Sports, Thrill of Victory

Vanderbilt reaches CWS final to defend National Championship

Vanderbilt will get to defend its title as one of the last two teams standing in the College World Series, and it could be joined by one other Southeastern Conference team. Chris Lee takes a look at that in today’s SEC baseball snapshot with the baseball season less than a week from ending.

Commodores outfielder Jeren Kendall rounds third after hitting the game winning home run against Cal State Fullerton. PHOTO BY STEVEN BRANSCOMB, COURTESY VANDERBILT ATHLETICS

Commodores outfielder Jeren Kendall rounds third after hitting the game winning home run against Cal State Fullerton. PHOTO BY STEVEN BRANSCOMB, COURTESY VANDERBILT ATHLETICS

So, how’s this for an encore? Vanderbilt, one year after winning its first College World Series in school history, is two games away from doing it again. That’s something you might have had a tough time convincing Commodore fans was possible back in early-to-mid-April, when the team struggled to six losses in eight games and had some serious issues in the bullpen.

Look at them now.

Vanderbilt is 8-0 in the NCAA Tournament, though the record would belie how easy it’s been at times. The Commodores needed a walk-off win on Jeren Kendall’s bomb into the right-field bullpen in TD Ameritrade Park to win their first game in Omaha by a 4-3 score over Cal State Fullerton, then, got perhaps the performance of his lifetime from Phil Pfeifer as the lefty threw seven shutout innings in VU’s 1-0 win over TCU.

With some of the pressure off—Vanderbilt needed to beat TCU just once in two games to advance to the title round—the Commodores disposed of the Horned Frogs in a 7-1 fashion on Saturday after jumping out to a seven-run lead in the first five innings.

Simply put, the Commodores lack nothing heading into the title game.

Fifteen men on the current roster (16, if you count the injured Hayden Stone) saw game action a year ago, and so there’s no question this bunch is positioned for big-stage success. Coach Tim Corbin is one of the game’s best. The team has big-time power: Dansby Swanson, Zander Wiel and Rhett Wiseman all have 15 homers, and Kendall may be as much a power threat as any of them right now. There’s plenty of speed—VU has stolen 106 bases after last night—and the team’s .382 on-base percentage is excellent. The defense is both solid (.978 fielding percentage) and the starting pitching trio of Walker Buehler, Carson Fulmer and Phil Pfeifer may be the most gifted in the country.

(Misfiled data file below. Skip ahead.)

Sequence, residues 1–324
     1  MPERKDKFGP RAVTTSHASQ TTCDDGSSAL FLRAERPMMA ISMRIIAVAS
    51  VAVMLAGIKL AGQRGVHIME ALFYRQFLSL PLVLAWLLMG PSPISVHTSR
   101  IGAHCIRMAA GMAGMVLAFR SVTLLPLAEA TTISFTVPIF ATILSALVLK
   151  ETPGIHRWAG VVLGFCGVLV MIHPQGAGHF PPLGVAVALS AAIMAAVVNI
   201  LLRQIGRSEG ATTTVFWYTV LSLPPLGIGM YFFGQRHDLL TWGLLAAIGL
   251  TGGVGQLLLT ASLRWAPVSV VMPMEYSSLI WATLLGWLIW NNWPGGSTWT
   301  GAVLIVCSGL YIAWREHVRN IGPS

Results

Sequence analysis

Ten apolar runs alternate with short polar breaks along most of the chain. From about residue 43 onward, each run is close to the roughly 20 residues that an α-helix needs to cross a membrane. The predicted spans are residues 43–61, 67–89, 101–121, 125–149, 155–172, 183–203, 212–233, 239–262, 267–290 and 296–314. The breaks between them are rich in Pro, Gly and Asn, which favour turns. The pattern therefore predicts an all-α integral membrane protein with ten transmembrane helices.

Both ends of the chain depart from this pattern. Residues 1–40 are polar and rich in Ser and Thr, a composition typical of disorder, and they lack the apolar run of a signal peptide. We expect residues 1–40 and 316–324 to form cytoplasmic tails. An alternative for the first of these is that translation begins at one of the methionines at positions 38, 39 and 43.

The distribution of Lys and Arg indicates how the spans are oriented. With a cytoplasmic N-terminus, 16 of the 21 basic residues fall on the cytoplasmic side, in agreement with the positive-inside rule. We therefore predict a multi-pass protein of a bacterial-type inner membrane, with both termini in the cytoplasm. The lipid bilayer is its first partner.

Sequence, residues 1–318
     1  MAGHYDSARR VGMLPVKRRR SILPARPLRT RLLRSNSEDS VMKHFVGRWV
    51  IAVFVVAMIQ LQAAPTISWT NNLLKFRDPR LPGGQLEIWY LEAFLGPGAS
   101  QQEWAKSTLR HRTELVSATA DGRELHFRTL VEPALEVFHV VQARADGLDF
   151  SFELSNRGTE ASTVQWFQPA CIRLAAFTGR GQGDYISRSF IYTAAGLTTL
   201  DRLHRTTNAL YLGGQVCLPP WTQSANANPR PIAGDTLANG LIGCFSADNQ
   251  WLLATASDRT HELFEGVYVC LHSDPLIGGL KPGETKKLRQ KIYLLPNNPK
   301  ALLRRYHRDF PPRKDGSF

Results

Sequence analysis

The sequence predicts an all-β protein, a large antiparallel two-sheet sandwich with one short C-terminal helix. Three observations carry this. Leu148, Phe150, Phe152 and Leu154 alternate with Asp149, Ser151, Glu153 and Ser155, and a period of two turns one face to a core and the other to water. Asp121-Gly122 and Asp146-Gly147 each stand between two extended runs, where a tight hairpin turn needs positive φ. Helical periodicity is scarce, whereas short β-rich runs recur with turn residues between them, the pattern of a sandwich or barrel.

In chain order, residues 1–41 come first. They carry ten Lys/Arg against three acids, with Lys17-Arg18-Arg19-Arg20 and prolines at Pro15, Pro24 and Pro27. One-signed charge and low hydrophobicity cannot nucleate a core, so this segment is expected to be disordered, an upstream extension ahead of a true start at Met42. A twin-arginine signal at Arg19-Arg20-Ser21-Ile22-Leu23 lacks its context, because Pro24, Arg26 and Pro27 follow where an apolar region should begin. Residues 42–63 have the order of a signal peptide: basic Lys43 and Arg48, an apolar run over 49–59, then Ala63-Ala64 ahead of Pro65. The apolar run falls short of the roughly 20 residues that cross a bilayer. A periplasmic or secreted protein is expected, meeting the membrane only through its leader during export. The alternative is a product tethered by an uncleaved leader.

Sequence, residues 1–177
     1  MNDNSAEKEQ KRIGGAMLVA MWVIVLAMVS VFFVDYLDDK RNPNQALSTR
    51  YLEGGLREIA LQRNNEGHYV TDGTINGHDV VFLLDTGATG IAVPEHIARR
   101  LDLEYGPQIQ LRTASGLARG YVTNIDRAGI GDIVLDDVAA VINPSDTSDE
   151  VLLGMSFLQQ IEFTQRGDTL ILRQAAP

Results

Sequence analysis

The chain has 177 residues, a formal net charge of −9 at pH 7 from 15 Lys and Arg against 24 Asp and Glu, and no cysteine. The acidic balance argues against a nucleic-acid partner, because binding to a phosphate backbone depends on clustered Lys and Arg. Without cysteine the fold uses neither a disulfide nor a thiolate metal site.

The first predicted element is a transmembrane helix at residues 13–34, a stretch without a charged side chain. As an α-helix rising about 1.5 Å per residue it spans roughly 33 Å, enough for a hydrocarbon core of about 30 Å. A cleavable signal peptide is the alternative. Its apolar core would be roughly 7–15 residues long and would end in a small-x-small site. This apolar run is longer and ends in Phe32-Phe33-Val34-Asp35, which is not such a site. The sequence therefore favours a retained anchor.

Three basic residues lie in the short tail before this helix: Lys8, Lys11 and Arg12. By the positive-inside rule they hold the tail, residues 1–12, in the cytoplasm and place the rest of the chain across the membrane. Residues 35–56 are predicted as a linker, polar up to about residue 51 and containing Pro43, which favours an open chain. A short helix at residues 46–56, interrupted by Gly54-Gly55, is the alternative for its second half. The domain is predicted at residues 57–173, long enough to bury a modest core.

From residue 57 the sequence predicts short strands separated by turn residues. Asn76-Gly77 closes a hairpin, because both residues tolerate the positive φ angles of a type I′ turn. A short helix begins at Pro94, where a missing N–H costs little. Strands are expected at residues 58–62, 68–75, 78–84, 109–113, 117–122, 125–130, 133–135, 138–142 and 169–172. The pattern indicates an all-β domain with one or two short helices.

Vanderbilt's Bryan Reynolds points to the sky after the Brentwood native tripled in Friday's College World Series game against TCU. PHOTO BY JOE HOWELL, COURTESY VANDERBILT ATHLETICS

Vanderbilt’s Bryan Reynolds points to the sky after the Brentwood native tripled in Friday’s College World Series game against TCU. PHOTO BY JOE HOWELL, COURTESY VANDERBILT ATHLETICS

Oh, and about that bullpen: in 21 1/3 innings in this tournament, it has struck out 21, walked four and given up nine hits. More importantly, it has given up no runs, earned or otherwise. In the absence of Stone, VU has found an answer at closer in freshman Kyle Wright, who, as Corbin would say, has “the right heartbeat’ for end-game situations.

Is this a team you want a piece of right now?

Ironically, the two teams that may want a piece of the ‘Dores more than anyone play an elimination game on Saturday to determine who gets to do that. That starts with Virginia, the favorite in Omaha this time a year ago before it dropped two of three against VU in the title series.

However, it’s not the same Virginia team. The Cavaliers lost a number of players off the 2014 squad and their best player, pitcher Nathan Kirby, showed that he wasn’t 100 percent after an abbreviated Friday start in UVA’s loss to Florida. The Cavs would probably bristle at the “just lucky to be here” tag, but that doesn’t make it any less true for a team that a month ago, wasn’t even a sure bet to make the NCAA Tournament’s 64-team field.

That makes Florida the heavy favorite today. In fact, the Gators might insist that anything Vanderbilt can do, they can do better, and while that may or may not be true, it’s a scary bunch.

Florida's Buddy Reed is a lock-down defender in center. PHOTO COURTESY FLORIDA ATHLETICS

Florida’s Buddy Reed is a lock-down defender in center. PHOTO COURTESY FLORIDA ATHLETICS

Perhaps no lineup in the country hits one-to-nine like the Gators do. Freshman star J.J. Schwarz leads the team with 18 homers, and Harrison Bader (16) isn’t far behind, plus, other Gators like shortstop Richie Martin and first baseman Peter Alonso have bashed homers in an Omaha yard that’s tough to leave. UF’s .382 on-base percentage is identical to VU’s and yes, the Gators (79 steals) can run, too, if that’s needed.

They might be even better on the hill. Starting pitcher Logan Shore is a potential first-round pick in next year’s Major League Baseball First-Year Player Draft, while gigantic lefty A.J. Puk might not only join him, he could go first overall. Dane Dunning, a freshman who may start today, has impressed of late. So has freshman Alex Faedo, the team’s normal third starter. And if you need bullpen arms, perhaps nobody has as many as the Gators, who feature Taylor Lewis (1.20 ERA), Bobby Poyner (2.56) and Kirby Snead (2.91) and a number of viable options after that.

Plus, nobody defends like the Gators (.984), who have speed and athleticism at just about every position.
The Gators also have this going for them, should they advance today: in four games against Vanderbilt this year, they own a 3-1 edge and a 23-15 advantage in runs scored.

Whatever happens next week will be fun. But if the finale in Omaha is between Florida and VU—two teams that genuinely seem to hate each other on the field—it could be one of the most epic CWS finals between two of the most talented teams in Omaha’s storied history.